by Andy SmithPosted on

Though Alex Kuno’s current work is still brimming with fairytale imagery and carries both a grim and satirical mythology, these new mixed-media pieces offer a decidedly frenzied, more toiled spin. These works take the familiar children and beasts and expose their innards, a blend of seemingly floral and unsettling organic matter. With Kuno’s playful vibrancy, each exposed being is more absorbing than repelling. Kuno was last featured on HiFructose.com here.

by Andy SmithPosted on

Edwin Ushiro, a Hawaii native currently based in California, constructs lively, vibrant scenes that often depict youths in adventure (and misadventure), offering escape during the winter months for those yearning for summer sights of yesterday. The artist, who works in the film industry as a storyboard artist, production designer, visual consultant, and concept designer, carries a cinematic, dreamlike vibe through many of these scenes. With one parent from Maui and the other a native of Japan, the artist has said they he sees both cultures as an influence. Ushiro was last featured on HiFructose.com here.

by Margot BuermannPosted on


“Ouroboros” by Lana Crooks

In All that Remains, the new exhibition at Stranger Factory, a diverse group of artists offer their own interpretations of the phrase, “What remains when all is said and done?” Curated by Lana Crooks (who also appears in the exhibition), the group show runs October 7-31, 2016. Participating artists include Adipocere, Jeremy Bastian, Jessica Dalva, Kristina Drake, Matt Hall, Stephanie Inagaki, Darla Jackson, Jessica Joslin, Jennifer Joslin, Mahlimae, Lauren Marx, Caitlin McCormick, Stephanie Metz, Christina Mrozik, Forest Rogers, Virginie Ropars, Sinan Soykut, Tyler Thrasher, Jake Waldron, and Katherine Walsh (FearsomeBeast). View more photos from All that Remains behind the cut.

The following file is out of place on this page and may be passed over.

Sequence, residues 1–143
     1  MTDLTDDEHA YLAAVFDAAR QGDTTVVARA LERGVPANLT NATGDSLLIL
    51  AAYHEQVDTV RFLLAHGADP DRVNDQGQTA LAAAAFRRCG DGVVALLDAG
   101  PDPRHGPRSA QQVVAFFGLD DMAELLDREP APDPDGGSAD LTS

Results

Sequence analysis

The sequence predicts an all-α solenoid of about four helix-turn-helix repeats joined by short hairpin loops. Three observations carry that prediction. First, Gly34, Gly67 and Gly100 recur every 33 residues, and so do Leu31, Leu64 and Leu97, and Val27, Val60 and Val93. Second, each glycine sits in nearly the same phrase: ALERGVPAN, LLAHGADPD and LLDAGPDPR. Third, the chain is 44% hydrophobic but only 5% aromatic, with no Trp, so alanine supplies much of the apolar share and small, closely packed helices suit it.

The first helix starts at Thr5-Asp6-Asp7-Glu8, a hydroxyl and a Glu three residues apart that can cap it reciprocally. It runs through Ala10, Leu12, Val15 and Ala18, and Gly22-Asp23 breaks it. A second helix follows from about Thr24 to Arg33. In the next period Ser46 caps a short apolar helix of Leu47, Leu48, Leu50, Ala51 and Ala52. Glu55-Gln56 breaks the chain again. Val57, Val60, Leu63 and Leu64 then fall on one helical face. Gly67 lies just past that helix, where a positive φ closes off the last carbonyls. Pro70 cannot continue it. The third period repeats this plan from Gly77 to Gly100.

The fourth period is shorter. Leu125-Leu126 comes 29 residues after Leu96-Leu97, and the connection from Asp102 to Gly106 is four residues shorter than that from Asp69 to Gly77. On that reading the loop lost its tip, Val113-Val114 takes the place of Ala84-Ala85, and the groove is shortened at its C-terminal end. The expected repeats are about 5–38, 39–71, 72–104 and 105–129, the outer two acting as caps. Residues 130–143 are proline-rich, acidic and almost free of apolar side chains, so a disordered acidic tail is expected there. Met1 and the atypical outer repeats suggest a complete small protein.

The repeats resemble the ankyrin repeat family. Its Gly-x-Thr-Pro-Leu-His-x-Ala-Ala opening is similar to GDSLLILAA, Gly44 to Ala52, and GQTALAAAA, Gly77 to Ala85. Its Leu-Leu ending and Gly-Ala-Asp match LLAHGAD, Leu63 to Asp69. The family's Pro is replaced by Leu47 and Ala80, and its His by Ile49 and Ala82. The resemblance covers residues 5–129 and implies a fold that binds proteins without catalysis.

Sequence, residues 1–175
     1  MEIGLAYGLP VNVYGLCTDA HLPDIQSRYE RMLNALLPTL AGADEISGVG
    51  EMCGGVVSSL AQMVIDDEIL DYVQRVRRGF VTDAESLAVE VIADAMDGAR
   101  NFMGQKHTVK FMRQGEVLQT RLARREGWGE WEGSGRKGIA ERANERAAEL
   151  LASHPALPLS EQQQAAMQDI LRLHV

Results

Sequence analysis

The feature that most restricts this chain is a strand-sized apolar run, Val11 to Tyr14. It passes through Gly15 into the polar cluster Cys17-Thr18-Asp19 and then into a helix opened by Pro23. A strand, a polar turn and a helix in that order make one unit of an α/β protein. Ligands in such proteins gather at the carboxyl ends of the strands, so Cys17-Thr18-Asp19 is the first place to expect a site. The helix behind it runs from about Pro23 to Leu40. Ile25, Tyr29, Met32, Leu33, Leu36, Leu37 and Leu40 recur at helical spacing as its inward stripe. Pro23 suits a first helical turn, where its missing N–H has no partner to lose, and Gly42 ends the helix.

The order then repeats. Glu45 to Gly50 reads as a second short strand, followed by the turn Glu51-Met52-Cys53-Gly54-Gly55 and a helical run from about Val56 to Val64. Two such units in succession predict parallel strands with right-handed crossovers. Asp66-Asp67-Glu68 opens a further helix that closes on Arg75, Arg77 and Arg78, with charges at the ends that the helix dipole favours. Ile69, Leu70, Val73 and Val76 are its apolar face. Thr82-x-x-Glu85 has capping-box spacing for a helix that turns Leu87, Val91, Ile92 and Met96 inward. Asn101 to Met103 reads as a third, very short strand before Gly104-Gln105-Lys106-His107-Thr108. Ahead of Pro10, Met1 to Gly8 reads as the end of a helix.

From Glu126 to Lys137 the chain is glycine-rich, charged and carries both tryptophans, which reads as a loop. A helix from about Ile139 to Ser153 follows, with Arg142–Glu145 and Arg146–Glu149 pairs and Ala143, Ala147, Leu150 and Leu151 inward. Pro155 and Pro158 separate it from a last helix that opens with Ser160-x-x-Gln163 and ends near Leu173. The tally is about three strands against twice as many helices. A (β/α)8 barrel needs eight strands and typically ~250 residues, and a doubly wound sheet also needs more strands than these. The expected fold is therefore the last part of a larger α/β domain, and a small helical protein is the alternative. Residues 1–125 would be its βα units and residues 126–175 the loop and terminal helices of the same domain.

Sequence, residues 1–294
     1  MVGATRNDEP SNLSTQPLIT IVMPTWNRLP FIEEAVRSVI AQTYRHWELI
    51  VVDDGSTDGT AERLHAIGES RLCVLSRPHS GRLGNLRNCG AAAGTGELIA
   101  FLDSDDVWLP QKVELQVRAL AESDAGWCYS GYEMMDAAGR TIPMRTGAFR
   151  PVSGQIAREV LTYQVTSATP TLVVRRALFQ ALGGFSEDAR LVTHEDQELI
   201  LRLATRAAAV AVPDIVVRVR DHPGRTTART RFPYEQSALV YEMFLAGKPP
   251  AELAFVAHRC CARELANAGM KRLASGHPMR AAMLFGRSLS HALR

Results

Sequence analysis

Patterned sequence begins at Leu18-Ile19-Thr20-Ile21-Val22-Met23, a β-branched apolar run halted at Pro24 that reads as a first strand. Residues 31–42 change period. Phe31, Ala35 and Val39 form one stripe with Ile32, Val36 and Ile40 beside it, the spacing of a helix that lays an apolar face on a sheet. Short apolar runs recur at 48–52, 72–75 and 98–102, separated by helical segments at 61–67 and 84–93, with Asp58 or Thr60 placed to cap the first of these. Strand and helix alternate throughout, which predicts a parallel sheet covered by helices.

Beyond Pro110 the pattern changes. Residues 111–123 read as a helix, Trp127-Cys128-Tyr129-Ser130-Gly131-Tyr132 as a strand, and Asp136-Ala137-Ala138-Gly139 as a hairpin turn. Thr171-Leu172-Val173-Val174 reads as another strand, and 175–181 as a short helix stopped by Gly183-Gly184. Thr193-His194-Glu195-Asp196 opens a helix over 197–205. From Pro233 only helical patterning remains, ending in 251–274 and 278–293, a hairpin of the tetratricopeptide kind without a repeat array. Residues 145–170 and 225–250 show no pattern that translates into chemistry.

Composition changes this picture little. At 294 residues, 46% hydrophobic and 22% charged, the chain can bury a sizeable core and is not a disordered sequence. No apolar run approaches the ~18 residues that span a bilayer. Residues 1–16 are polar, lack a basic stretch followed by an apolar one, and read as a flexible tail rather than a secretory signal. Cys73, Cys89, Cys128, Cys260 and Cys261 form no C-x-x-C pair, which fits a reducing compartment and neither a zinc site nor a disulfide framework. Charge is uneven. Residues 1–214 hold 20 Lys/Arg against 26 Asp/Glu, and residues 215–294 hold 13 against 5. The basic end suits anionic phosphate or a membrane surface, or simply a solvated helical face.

by Margot BuermannPosted on


Marlène Mocquet is a French artist whose chimerical paintings and sculptures portray strange worlds full of quirky, animated characters. Her surreal creations often have a sense of childlike whimsy and humor; other times, they turn dark and tumultuous, and verging on grotesque.

by Margot BuermannPosted on


Australian artist Kate Shaw combines “paint pours”, collage, glitters and inks to render psychedelic landscapes. The colorful images yield awe-inspiring effects, yet are accompanied with a dark undertone. While they may capture the “transcendent beauty” of nature, at the same time they hint at the troubling environmental changes brought on by human activity.

by Margot BuermannPosted on


San Francisco-based visual artist Nicholas Bohac contemplates “the big picture” in his immersive, mixed media works that feature celestial figures amidst dreamlike landscapes. In his artist statement, Bohac writes that his purpose is “to question the universe and where, exactly, people fit into it… Through my work, I aim to explore the overall phenomenon of what it means to be human, past, present and future.”